Game of Thrones: An In-Depth Look at the New TV Series

Posted April 7, 2011 by 1 Comment


We have written at  length about the upcoming YA movie adaptations of 2011, along with this year’s slate of Comic Book movies. However, one of 2011’s most anticipated print-to-film translations is coming  to the small screen. The network that brought you Tony Soprano and Lucius Vorenus will soon be home to a cast of Kingslayers and direwolves.

On April 17th, HBO will debut its mini-series based on George R. R. Martin’s A Game of Thrones.  AGOT is the first of 7 planned books in Martin’s  “A Song of Fire and Ice” series. And if the TV show can approach the scale of its print forebears, we may be in for the most epic small-screen series of all time.

Keep reading after the jump for much more about this series & what’s in store with the TV adaptation, including some great video previews:

“Gee, Frodo – we’re not in Middle Earth anymore.”

AGOT is set in the mythical world of Westeros. It is a land that resembles medieval Europe in many ways. In Westeros elite families battle for control of an ancient throne,  gallant knights compete in tournaments for glory, and a group of warriors man a giant ice wall where they protect the realm from zombies and giants that ride on the backs of wooly mammoths.

OK, that part about the zombies may seem a bit off, but in the world of AGOT, those deadly details are almost incidental. High fantasy exists in Martin’s world, but it plays second fiddle (or even third) to the political wranglings and Machiavellian scheming of the kingdom’s leading families. At the heart of AGOT is a struggle between the Houses of Stark and Lannister- two noble families that are just within reach of Westeros’ Iron Throne. Their conflict is punctuated by murder, betrayal and even incest.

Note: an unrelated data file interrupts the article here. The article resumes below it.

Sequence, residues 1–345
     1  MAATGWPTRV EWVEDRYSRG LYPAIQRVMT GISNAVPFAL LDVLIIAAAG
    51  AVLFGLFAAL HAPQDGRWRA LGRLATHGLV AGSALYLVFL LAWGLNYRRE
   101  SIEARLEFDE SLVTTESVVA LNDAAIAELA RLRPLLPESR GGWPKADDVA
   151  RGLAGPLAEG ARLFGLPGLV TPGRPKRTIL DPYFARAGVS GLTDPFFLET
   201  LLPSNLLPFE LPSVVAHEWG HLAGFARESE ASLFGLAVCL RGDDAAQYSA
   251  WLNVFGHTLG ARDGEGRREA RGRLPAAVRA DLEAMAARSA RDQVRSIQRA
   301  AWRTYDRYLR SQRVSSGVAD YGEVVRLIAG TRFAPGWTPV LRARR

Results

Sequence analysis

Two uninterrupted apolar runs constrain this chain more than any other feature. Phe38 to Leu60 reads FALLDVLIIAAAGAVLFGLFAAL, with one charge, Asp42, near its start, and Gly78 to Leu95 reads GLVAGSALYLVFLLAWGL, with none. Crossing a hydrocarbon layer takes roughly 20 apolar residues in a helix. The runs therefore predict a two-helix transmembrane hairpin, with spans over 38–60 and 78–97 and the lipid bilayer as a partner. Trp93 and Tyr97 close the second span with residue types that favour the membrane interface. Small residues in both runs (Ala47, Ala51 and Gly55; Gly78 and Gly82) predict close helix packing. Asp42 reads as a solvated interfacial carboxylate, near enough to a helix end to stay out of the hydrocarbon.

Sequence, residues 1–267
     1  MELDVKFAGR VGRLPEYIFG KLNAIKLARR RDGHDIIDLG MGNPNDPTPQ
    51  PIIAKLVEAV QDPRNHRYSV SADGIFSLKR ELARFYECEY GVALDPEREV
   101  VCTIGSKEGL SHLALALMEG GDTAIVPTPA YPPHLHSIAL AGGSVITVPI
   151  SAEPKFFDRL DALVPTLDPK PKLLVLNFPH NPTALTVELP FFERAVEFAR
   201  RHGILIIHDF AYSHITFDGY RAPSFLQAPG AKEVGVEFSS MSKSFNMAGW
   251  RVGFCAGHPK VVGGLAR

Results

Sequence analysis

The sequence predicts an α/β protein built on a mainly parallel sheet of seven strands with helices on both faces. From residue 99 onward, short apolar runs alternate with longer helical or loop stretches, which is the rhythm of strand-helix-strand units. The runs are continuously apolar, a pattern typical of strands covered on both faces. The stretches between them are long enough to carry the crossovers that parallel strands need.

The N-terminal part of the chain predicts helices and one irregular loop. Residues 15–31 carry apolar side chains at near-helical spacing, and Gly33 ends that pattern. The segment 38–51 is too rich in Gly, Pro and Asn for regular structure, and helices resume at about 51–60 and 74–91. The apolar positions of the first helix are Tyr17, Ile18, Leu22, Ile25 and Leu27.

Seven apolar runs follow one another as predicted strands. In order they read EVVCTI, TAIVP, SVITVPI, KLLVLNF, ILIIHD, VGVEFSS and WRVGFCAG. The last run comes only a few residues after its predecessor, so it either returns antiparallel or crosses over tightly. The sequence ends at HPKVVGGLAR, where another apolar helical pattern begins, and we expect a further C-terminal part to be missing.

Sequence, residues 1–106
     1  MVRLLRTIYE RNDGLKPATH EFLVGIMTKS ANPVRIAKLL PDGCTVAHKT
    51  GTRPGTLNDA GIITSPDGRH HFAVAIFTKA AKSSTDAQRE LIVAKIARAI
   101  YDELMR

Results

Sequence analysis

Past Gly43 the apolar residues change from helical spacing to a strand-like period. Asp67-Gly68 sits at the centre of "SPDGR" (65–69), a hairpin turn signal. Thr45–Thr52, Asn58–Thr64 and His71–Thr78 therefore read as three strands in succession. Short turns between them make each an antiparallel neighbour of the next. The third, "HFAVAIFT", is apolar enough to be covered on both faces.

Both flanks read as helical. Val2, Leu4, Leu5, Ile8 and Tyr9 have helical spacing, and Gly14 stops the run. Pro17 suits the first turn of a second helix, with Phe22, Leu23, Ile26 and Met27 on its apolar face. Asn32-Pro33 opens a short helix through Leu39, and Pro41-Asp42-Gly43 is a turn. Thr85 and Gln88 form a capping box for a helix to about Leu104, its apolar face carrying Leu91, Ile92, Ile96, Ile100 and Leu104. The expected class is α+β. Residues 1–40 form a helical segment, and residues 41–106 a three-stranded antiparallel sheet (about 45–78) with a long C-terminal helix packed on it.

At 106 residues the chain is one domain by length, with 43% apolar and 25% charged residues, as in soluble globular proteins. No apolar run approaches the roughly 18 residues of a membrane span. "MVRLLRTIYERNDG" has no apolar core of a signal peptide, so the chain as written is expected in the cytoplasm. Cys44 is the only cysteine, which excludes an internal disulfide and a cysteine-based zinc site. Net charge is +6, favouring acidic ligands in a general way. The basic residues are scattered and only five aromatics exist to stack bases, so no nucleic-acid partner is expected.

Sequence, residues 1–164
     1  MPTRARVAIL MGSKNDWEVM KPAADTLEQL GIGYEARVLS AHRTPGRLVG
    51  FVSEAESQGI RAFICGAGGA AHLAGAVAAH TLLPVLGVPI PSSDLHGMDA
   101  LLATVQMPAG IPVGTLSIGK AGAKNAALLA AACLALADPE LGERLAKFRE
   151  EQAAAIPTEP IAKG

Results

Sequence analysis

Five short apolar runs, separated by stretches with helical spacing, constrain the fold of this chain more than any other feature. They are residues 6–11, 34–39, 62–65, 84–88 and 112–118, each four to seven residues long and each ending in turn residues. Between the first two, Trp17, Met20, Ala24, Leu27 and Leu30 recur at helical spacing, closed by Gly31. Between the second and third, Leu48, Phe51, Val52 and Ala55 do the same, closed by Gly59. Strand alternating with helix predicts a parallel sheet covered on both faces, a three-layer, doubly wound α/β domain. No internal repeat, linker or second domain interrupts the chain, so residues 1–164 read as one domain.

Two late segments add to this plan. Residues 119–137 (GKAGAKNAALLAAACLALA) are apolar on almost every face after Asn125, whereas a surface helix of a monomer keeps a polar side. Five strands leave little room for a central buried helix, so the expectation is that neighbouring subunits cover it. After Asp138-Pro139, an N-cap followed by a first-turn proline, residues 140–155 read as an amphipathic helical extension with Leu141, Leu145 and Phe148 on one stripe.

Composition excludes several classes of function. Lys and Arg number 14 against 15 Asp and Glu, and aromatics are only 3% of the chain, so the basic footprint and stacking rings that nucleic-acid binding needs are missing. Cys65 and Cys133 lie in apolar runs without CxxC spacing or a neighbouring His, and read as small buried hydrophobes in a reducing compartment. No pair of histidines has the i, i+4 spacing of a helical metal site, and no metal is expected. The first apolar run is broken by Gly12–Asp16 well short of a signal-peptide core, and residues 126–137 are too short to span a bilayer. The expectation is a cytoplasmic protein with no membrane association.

Series writer David Benioff has described AGOT as “The Sopranos in Middle Earth”. It sounds like a trite description- a movie pitch straight out of Tim Robbins’ mouth in The Player- but the comparisons (especially to The Sopranos) are not far off. Both series are essentially dramas about powerful families that occasionally have to send people to their graves. And just as David Chase created Tony, Carmela and Paulie Walnuts, Martin has created a gallery of fully-realized and unforgettable characters. They include:

Tyrion Lannister– The Lannisters would likely be described as the “villains” of AGOT, but  “The Imp” is one of those characters that constantly makes you smile. Born a dwarf, Tyrion has been underestimated since birth. He has spent his life defying expectations and cementing his reputation as the most cunning man in Westeros (he may also be the funniest dude in the realm). Peter Dinklage will play Tyrion in the series, and this casting was a no-brainer. As demonstrated in movies like The Station Agent and even Elf, Dinklage is fully capable of projecting the self-assurance and self-doubt that are both central to Tyrion’s being.